Back in the mid-noughties, one party ruled Sydney’s Kings Cross. It was called Bang Gang, and co-founder Jamie Wirth remembers it well.
“Oh my God, it was wild. It was just fucking mayhem,” Wirth recalls. “There was a bit of dodginess, a lot of smooching, it was pretty horny. It was wild, and colourful, and it was like everyone was partying for their life. But it was also a celebration of this new form of music: it was exciting, and it was coming out every week.”
The Bang Gang Deejays.
That new form of music – a mostly electronic mixed bag of songs released between roughly 2005 and 2011, by artists like Justice, Uffie, Simian Mobile Disco and Erol Alkan – has more recently been dubbed “bloghouse”. But if you don’t know it by that name, or even how it sounded, you probably know what it looked like. Bloghouse was also the era of the celebrity party photographer, Vice Dos and Don’ts, American Apparel disco pants, exquisitely decorated MySpace profiles, Hipster Runoff and Kanye West in shutter shades. If the names Cobra Snake or Cory Kennedy mean anything to you, you were probably there for it. (And if you weren’t, just wait – the aesthetics of this era, dubbed “indie sleaze” by one viral TikTok video, look poised for a comeback.)
Bang Gang Deejays’ in-house label, Bang Gang 12 Inches. Photograph: Bloghouse Artefacts
What unified bloghouse wasn’t a cohesive sound but how you found the music: on music blogs such as GottaDanceDirty, Music for Robots and Fluokids. The rise of home internet meant low-quality MP3s could be disseminated on the fly by artists, creating an ever-growing treasure trove of new tracks, remixes and mash-ups. DJs at parties like Bang Gang would play the week’s best new releases, but you could also just download them for free on to your desktop computer. This marked an important micro-revolution for music.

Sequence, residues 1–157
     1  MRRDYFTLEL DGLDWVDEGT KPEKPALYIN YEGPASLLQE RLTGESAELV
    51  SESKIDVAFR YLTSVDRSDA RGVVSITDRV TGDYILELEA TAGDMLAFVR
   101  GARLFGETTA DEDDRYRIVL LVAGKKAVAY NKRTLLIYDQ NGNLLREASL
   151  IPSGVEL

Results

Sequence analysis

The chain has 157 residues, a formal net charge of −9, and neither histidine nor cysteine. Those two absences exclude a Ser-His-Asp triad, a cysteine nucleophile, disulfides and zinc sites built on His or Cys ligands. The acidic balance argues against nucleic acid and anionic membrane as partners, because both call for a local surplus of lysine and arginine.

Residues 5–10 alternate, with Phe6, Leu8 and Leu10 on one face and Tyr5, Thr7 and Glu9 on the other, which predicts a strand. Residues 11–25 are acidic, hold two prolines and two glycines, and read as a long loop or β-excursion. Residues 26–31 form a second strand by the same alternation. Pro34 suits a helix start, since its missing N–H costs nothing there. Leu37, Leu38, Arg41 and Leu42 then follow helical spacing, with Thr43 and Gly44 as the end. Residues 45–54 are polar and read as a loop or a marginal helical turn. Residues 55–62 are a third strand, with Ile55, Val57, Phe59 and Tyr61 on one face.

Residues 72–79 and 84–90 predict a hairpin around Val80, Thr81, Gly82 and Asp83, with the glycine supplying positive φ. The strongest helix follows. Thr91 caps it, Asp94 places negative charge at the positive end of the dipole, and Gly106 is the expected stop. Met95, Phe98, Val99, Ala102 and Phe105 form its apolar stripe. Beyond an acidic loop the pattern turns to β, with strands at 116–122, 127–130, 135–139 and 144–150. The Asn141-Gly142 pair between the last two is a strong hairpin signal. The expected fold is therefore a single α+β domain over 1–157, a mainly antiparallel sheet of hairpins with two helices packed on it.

“It was the first time that music was getting big on the internet instead of at the club, at the record shop or on the radio,” says Lina Abascal, the author of a new book, Never Be Alone Again: How Bloghouse United the Internet and the Dancefloor, which documents that brief but transformative moment.
She wanted to explore how the “perfect storm” of changes – to technology, the internet and the music industry – facilitated bloghouse and other cultural shifts. Abascal views bloghouse – which sonically had “no rules”, and was concerned only with having fun – as a reaction against the self-serious iterations of rock and electronic music that preceded it. Conducted largely away from major labels, by producers who gave their music away for free and bloggers who wrote about it as a passion project, it wasn’t concerned with monetisation. Bloghouse was more than just the songs, Abascal explains; …….